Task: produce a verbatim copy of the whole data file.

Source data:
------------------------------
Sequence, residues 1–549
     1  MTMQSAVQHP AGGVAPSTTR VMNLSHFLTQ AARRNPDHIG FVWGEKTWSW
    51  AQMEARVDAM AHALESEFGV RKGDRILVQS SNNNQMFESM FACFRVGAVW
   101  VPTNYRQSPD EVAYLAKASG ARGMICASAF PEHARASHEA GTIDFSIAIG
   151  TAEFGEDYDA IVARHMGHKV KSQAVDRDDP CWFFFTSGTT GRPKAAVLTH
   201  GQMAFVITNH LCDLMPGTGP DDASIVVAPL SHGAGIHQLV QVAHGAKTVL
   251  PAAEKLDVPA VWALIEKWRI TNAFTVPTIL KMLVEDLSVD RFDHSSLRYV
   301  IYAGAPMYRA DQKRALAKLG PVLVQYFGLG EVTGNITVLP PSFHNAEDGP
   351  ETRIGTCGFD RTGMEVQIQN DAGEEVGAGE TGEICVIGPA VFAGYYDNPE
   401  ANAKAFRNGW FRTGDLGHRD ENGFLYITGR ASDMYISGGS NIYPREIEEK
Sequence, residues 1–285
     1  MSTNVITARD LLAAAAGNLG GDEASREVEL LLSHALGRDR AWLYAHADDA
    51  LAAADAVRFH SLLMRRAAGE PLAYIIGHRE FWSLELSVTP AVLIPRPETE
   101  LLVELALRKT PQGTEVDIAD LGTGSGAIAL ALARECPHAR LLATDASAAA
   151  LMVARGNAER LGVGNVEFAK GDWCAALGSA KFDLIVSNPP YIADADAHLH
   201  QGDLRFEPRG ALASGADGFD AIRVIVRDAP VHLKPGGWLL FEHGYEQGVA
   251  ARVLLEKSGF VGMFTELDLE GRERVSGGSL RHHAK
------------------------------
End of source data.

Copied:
Sequence, residues 1–549
     1  MTMQSAVQHP AGGVAPSTTR VMNLSHFLTQ AARRNPDHIG FVWGEKTWSW
    51  AQMEARVDAM AHALESEFGV RKGDRILVQS SNNNQMFESM FACFRVGAVW
   101  VPTNYRQSPD EVAYLAKASG ARGMICASAF PEHARASHEA GTIDFSIAIG
   151  TAEFGEDYDA IVARHMGHKV KSQAVDRDDP CWFFFTSGTT GRPKAAVLTH
   201  GQMAFVITNH LCDLMPGTGP DDASIVVAPL SHGAGIHQLV QVAHGAKTVL
   251  PAAEKLDVPA VWALIEKWRI TNAFTVPTIL KMLVEDLSVD RFDHSSLRYV
   301  IYAGAPMYRA DQKRALAKLG PVLVQYFGLG EVTGNITVLP PSFHNAEDGP
   351  ETRIGTCGFD RTGMEVQIQN DAGEEVGAGE TGEICVIGPA VFAGYYDNPE
   401  ANAKAFRNGW FRTGDLGHRD ENGFLYITGR ASDMYISGGS NIYPREIEEK
Sequence, residues 1–285
     1  MSTNVITARD LLAAAAGNLG GDEASREVEL LLSHALGRDR AWLYAHADDA
    51  LAAADAVRFH SLLMRRAAGE PLAYIIGHRE FWSLELSVTP AVLIPRPETE
   101  LLVELALRKT PQGTEVDIAD LGTGSGAIAL ALARECPHAR LLATDASAAA
   151  LMVARGNAER LGVGNVEFAK GDWCAALGSA KFDLIVSNPP YIADADAHLH
   201  QGDLRFEPRG ALASGADGFD AIRVIVRDAP VHLKPGGWLL FEHGYEQGVA
   251  ARVLLEKSGF VGMFTELDLE GRERVSGGSL RHHAK